Medical researchers at Tallaght University Hospital (TUH) have taken part in a ground-breaking Clinical Trial which has discovered that the drug Rucaparib is successful in the treatment of certain prostate cancers. The trial which began in TUH in 2017, was called TRITON 3. The purpose of the study was to determine how patients with prostate cancer (which had spread) responded to treatment with the drug Rucaparib versus treatment with other drugs (such as Abiraterone Acetate, Enzalutamide or Docetaxel). The trial only involved men who had either a BRCA or ATM gene mutation.
All of the patients who took part in this study also had what is known as castrate-resistant prostate cancer. In short, this means that prostate cancer keeps growing even when the amount of testosterone in the body is reduced to very low levels. Over a 5 year period, TUH screened 120 men for this study. Patients were then asked if they would like to participate in this trial. Once consent was given, a blood sample was shipped to Foundation Medicine in the USA. Here, the blood was tested for a panel of genes. If the patient sample was positive for certain genes they were contacted and asked if they would like to participate in the trial. They were then randomised to receive the study drug Rucaparib.
Clinical Professor of Medical Oncology at TUH, Ray Mc Dermott was one of the principal investigators for this TRITON 3 Trial. Professor McDermott is the National Cancer ControI Programme lead in guideline development for prostate cancer. He was also the second highest recruiter globally for the TRITON 3 trial and supervised care to the men taking part in this important new research which was partly carried out in Ireland to find better treatments for prostate cancer. 17 patients (13 of these in TUH) had the required genes and met all other eligibility criteria and proceeded to the main trial.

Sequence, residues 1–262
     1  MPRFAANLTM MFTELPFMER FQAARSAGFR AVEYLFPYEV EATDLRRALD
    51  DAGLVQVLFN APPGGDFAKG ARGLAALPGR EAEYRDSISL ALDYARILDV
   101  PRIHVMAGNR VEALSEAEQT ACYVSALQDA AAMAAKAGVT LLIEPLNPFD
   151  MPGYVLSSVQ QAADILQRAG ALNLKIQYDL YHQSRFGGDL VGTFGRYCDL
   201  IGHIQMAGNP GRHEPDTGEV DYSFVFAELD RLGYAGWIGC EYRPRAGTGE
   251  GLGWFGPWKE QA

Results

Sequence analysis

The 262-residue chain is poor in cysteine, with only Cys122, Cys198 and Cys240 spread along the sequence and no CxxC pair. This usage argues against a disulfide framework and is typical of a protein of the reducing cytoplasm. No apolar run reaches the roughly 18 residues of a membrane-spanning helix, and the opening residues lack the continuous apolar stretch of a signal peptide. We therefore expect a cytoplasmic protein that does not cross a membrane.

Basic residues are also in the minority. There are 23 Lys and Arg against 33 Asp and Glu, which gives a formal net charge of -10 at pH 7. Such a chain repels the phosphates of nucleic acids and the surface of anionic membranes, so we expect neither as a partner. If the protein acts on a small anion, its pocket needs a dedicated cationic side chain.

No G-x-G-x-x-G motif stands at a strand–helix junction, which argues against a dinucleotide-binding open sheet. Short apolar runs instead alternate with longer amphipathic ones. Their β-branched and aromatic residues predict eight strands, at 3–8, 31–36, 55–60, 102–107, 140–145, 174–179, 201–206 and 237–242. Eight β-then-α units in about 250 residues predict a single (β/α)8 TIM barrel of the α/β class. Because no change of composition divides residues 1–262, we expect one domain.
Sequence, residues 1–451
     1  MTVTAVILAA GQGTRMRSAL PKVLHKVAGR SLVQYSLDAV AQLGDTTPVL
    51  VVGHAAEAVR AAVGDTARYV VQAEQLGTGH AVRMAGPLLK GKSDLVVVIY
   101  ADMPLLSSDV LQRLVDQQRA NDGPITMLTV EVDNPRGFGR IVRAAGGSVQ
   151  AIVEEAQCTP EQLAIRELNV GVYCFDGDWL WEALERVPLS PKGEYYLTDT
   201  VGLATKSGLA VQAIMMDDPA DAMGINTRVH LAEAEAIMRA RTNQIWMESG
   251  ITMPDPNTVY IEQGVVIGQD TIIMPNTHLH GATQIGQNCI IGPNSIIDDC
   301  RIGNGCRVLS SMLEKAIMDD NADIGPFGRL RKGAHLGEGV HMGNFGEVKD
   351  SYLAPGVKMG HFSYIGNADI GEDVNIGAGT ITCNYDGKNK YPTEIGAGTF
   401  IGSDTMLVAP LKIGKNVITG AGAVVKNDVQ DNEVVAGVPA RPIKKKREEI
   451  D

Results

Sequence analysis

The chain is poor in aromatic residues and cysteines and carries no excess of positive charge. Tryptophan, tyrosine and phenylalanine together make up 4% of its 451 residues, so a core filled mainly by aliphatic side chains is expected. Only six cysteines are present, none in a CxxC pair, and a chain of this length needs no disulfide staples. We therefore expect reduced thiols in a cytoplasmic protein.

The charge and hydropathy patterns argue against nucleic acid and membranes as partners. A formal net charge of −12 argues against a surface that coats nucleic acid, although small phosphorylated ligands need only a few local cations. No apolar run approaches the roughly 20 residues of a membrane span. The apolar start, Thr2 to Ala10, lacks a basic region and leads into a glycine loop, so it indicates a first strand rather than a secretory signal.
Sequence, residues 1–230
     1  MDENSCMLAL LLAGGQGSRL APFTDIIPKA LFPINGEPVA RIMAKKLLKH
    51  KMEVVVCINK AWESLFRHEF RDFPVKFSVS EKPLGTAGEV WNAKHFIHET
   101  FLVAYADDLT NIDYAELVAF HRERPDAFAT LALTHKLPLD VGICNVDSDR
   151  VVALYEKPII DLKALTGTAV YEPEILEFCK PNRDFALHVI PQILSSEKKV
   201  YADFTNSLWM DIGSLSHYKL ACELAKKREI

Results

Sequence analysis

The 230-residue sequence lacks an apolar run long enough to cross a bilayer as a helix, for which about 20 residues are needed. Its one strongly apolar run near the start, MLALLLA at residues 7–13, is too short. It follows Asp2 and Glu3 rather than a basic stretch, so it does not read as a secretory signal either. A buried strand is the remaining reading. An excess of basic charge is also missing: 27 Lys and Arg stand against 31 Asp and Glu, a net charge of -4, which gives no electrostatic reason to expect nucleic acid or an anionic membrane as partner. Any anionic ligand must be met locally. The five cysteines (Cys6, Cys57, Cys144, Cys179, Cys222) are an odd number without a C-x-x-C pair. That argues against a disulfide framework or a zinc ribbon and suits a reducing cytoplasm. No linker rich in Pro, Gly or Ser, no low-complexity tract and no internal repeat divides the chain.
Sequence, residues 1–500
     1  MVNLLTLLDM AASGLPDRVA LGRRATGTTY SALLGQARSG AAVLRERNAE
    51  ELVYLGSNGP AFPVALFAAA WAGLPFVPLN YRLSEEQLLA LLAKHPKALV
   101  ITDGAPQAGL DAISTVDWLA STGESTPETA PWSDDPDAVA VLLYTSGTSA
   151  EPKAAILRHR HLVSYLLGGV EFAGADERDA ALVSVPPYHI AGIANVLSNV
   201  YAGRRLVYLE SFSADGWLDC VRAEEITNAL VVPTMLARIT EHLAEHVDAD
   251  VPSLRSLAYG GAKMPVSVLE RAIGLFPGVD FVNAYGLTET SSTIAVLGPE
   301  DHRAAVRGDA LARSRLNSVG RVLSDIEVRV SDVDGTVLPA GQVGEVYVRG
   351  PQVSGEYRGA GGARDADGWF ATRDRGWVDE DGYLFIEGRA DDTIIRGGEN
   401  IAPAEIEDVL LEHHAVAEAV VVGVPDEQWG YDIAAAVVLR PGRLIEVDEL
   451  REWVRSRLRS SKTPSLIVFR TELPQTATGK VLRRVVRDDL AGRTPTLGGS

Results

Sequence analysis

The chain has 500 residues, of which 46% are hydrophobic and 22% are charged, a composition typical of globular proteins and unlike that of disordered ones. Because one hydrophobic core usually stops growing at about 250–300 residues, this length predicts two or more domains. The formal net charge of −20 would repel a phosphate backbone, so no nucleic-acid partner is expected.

Patients were reviewed regularly by the Oncology Clinical Trials team in TUH and all scans were reported by Prof William Torreggiani, Consultant Radiologist. The drugs were supplied via the TUH pharmacy department.
The highly regarded New England Journal of Medicine has just reported that the TRITON 3 Trial demonstrated that progression-free survival was significantly improved when patients with metastatic castration-resistant prostate cancer were treated with Rucaparib versus other medications. It also discovered that Rucaparib provides a potential treatment option for eligible men, with earlier-stage disease. You can read the New England Journal report by clicking here The results have just been released in San Francisco at a conference organised by the American Society of Clinical Oncology which focused on genitourinary cancers.